HAVANA, April 13th (EFE) The two Cuban doctors kidnapped in Kenya by the Somali jihadist group Al-Shabaab this Sunday will have been a year in captivity in Somalia, while the Kenyan government reiterates that they are still “alive” and efforts to free them to continue despite the coronavirus pandemic.
“We are working every day to ensure that they return home alive. We are very aware of what the families are suffering,” said the spokesman for the Kenyan Executive, Cyril Oguna.
This Sunday surgeon Landy Rodríguez and general medicine specialist Assel Herrera will have been in captivity for a year, after their kidnapping by suspected members of Al-Shabaab in the Kenyan city of Mandera (northeast), near the border with Somalia and the target of numerous jihadist attacks in the past.
On April 12, 2019, the two doctors were travelling, as usual, in a convoy to the Mandera hospital, accompanied by armed escorts, when they were intercepted after a shooting in which one of the guards who watched over their safety was killed.
Although Kenya mobilized the Army and Police to pursue the kidnappers, its troops “failed to provide an effective response to the attack and Al-Shabaab had all day to move the two kidnapped doctors across the border to their areas in Somalia,” as the security consultant Andrew Franklin, a former U.S. Marine settled in Nairobi since 1981, reminded EFE.
“They are alive”
Since then, Herrera and Rodríguez have neither been seen in public nor have photos or videos been published that give an idea of their fate.
Asked if the Kenyan government has received any recent proof that they are alive, Oguna replied: “Yes. We are working with our partners in sharing intelligence information. We have evidence that they are alive.”
“But it is a delicate operation,” said the spokesman, stressing that a hasty intervention “would not help,” hence the need to “plan meticulously.”
That no evidence of the doctors’ being alive has been released “is neither a good nor a bad sign,” Murithi Mutiga, director of the International Crisis Group (ICG) for the Horn of Africa, told EFE.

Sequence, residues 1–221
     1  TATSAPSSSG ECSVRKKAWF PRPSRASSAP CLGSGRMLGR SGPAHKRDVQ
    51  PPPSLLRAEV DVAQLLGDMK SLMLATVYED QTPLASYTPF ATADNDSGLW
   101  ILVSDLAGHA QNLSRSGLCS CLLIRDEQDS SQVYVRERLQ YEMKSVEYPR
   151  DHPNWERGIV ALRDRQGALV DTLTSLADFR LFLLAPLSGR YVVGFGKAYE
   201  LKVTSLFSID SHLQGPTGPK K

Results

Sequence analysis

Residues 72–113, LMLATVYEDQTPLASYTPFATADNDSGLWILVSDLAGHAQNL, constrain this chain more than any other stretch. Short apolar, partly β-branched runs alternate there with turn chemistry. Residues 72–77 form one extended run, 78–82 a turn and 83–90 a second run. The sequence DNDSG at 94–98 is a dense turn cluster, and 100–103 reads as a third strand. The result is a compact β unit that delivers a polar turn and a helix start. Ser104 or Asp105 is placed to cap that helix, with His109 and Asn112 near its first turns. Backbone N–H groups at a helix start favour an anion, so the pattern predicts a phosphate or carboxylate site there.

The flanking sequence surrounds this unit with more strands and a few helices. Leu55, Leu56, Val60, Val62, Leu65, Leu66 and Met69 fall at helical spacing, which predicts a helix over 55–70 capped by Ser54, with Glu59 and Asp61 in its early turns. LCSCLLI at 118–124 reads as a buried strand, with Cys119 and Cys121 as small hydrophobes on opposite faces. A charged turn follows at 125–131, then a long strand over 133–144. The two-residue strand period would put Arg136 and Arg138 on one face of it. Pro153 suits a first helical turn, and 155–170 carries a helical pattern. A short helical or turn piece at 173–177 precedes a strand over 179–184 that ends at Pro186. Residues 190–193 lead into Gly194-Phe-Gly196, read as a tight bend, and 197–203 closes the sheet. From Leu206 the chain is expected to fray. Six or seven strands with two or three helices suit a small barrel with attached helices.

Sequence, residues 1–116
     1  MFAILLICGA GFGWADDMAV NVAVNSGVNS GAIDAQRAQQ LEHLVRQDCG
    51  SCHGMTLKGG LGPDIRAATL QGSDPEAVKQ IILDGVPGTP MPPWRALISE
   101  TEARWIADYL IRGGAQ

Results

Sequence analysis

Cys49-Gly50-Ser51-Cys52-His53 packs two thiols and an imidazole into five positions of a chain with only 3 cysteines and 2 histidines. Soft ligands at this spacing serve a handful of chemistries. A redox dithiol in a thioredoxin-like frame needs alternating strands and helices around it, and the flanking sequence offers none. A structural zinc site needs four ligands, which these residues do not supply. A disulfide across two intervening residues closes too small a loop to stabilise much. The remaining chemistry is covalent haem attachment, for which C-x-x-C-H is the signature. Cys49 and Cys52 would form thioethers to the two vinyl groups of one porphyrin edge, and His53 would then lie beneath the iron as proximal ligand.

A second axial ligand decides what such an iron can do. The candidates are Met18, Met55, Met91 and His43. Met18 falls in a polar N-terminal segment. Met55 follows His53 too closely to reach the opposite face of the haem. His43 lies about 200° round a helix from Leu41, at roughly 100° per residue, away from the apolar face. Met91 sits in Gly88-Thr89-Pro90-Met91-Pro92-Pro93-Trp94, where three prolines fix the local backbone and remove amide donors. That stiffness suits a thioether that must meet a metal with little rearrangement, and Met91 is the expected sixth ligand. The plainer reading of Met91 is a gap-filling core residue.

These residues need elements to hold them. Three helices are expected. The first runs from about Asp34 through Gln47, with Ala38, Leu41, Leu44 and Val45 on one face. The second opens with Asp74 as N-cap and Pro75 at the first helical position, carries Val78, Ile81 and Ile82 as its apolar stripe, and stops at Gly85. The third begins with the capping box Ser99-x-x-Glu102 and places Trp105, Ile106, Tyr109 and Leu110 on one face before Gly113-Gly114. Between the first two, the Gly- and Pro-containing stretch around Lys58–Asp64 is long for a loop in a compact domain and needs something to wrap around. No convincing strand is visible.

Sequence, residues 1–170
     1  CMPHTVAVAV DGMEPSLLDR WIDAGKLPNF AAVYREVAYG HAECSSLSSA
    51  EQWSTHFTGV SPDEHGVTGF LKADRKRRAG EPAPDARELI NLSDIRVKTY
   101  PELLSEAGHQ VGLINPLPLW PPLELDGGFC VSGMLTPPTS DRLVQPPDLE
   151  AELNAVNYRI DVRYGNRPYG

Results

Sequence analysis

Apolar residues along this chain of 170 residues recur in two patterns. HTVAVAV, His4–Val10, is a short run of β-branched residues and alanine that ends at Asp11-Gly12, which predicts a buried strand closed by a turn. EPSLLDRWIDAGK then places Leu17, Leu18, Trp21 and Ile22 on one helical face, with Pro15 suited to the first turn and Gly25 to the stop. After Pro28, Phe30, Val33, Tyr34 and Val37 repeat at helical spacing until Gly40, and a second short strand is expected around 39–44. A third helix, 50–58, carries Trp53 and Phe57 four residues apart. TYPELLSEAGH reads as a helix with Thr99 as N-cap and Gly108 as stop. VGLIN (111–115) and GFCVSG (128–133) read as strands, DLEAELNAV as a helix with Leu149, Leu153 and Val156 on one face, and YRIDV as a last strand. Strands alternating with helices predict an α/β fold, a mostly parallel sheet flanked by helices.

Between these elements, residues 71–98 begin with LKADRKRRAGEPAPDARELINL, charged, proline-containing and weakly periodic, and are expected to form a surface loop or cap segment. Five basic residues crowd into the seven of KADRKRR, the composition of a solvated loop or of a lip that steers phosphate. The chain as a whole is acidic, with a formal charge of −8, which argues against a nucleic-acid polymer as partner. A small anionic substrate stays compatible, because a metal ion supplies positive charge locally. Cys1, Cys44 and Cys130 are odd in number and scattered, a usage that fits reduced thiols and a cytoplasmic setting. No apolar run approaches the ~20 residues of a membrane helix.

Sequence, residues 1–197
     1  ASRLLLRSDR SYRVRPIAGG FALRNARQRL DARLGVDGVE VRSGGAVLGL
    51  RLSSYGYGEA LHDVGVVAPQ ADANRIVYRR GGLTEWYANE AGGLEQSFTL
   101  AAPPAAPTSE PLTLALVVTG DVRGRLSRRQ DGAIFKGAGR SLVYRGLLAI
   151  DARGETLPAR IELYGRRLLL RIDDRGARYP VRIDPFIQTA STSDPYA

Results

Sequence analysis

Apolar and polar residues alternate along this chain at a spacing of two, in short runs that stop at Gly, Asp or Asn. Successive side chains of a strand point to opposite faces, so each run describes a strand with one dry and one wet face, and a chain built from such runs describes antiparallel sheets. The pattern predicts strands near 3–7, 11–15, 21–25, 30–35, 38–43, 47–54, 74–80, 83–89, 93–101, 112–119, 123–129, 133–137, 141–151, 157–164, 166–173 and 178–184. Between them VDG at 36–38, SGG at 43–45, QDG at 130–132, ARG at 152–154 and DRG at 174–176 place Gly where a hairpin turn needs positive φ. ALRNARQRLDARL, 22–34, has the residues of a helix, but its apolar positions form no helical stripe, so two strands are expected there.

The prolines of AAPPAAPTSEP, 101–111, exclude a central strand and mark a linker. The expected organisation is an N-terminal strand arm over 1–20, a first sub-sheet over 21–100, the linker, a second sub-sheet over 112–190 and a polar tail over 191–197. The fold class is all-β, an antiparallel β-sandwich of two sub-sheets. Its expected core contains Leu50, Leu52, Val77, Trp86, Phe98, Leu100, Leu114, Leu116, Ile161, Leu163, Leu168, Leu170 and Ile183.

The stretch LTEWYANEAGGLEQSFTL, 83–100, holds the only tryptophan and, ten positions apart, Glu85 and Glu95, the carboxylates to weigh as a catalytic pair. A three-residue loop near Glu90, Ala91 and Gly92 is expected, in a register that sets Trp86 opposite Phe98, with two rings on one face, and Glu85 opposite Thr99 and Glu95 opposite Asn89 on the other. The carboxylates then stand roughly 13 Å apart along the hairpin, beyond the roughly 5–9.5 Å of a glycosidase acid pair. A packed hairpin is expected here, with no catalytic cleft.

In any case, Mutiga said, “It is very encouraging that Al-Shabaab did not declare that it has killed them. Normally, when Al-Shabaab kills hostages, it makes it public. Therefore, at least that gives families some hope.”
Release in times of coronavirus
Like many other countries, Kenya currently uses its resources to combat the coronavirus pandemic with strict containment measures that reduce the mobility of citizens.
In this context, a question arises: is the health crisis going to have an impact on the plans to free the doctors?
“No. We have troops in Somalia that has been there for a long time and their efforts continue,” replied Oguna, referring to the deployment of the Kenyan army in Somalia since 2011, when it invaded that country in reaction to several kidnappings in Kenya attributed to Al- Shabaab.
“Part of our presence there is to ensure that we continue monitoring each movement and working with our partners so that we don’t lose sight of the whereabouts of the two doctors,” added the spokesman.
However, a possible military operation to rescue the doctors is “a very unrealistic option,” according to Mutiga, who believes that “negotiations offer the most promising way to free the doctors.”